If anything, I was more annoyed the second time around than the first. What I had charitably assumed to be an accident, the edging forward of a wall at the end of the second act, was not. Yet again, it appeared that something was about to be revealed; as I wrote previously, ‘perhaps it was a metaphor for the production as a whole’. Isolde’s aimless emerging from behind the curtain during the opening Prelude once again – how could it not? – completely undermined the progress of the music, what should have been its great climax coming to nothing. Is it not more than time that directors were assumed to read a score and exceptions to this were just that? (I should hardly have the nerve to direct Chekhov in Russian without understanding the language.) Perhaps Loy can read Wagner’s score, in which case he simply disregarded it. The end of the second act would have been incomprehensible to anyone who did not know the work well already. Tristan, according to what he did on stage, appeared to be addressing Melot, when he should have been addressing (a bewilderingly departed) Isolde. Words and stage direction were at odds, not with ‘interesting’ antagonism, but with straightforward confusion.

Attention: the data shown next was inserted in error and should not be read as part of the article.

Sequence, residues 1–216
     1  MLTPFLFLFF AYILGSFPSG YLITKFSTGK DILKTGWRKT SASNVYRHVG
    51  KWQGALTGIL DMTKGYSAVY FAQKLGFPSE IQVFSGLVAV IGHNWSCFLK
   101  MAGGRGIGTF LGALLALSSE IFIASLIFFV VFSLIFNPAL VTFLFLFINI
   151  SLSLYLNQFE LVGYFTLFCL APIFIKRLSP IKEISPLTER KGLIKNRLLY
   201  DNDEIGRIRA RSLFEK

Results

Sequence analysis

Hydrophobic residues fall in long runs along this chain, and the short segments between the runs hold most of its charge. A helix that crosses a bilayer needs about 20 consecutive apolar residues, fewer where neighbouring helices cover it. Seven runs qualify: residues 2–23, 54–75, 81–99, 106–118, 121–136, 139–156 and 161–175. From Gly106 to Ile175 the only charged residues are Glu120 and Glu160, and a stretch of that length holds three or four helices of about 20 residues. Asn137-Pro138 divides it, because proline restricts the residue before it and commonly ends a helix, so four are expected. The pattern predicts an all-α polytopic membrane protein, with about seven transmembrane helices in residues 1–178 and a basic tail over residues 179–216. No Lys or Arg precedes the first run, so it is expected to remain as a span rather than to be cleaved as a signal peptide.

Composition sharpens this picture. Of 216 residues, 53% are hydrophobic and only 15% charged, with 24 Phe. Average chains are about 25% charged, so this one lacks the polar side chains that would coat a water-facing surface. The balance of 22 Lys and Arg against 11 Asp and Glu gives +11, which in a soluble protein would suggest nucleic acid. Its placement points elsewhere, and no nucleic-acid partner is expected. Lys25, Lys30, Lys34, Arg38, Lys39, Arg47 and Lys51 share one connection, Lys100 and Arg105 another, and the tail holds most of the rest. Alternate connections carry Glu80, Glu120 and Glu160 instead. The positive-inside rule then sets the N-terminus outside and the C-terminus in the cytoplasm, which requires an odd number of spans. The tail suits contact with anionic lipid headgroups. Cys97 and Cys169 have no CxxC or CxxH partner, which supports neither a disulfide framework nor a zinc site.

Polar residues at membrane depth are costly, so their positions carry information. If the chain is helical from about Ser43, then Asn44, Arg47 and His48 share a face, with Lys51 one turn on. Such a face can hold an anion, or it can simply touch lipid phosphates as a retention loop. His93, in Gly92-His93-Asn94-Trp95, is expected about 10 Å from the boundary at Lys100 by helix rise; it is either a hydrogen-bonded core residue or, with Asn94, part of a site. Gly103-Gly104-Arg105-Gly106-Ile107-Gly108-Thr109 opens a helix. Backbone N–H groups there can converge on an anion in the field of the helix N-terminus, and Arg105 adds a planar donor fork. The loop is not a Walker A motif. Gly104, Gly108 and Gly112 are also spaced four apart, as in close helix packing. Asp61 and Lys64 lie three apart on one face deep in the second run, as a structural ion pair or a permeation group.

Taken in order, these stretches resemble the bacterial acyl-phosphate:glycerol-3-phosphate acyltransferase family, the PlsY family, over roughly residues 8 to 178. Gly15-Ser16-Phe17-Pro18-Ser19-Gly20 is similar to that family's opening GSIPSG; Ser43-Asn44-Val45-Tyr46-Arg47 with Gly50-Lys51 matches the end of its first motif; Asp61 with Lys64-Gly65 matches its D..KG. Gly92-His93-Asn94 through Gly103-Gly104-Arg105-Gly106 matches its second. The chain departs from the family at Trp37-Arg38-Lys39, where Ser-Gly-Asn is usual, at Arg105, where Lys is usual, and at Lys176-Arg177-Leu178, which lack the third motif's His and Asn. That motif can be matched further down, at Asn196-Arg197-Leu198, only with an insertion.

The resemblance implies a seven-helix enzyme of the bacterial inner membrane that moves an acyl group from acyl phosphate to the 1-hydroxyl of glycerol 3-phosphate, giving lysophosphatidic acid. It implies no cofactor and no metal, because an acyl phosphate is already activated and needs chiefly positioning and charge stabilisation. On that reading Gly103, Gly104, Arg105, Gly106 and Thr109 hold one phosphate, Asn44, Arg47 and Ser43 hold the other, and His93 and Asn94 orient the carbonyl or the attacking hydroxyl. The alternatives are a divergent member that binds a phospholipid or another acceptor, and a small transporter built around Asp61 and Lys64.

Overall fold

There is, of course, something more at work here. Loy freely admits that he doesn’t like heroism; nor does he care for Schopenhauer, certainly not in any sense that might inform Tristan. Loy cannot ‘really equate the couple’s position as outsiders with a Schopenhauerian denial of the world’. Some observers might think that more his problem than Wagner’s and suggest that Loy direct something with which he feels more at home. Of course, it is perfectly possible to reinterpret a work; I have no problem with that at all. My problem is that I find this production both inappropriate and incoherent, most of all far less interesting than Wagner’s opus metaphysicum. The realism of what we see is becoming almost de rigueur in modern Wagner production, but this realism seems especially at odds with what is such an overwhelmingly metaphysical work – the ‘passion of passion’ in Michael Tanner’s memorable phase. The carrying on behind the curtain between Kurwenal and Brangäne is simply demeaning: utterly unerotic and belittling characters whose love for their master and mistress is in many respects the truest love of all in the work as conceived by that minor nineteenth-century dramatist, Richard Wagner. I actually overheard someone during the second interval praising the production for the ‘masterstroke’ of having Tristan bring about his own death; the speaker, revelling in what she trumpeted as her ‘receptiveness’ to new ideas, was unaware that this was one of the few cases in which Wagner was respected. Of course Tristan should throw himself upon Melot; the only surprise was that he actually did.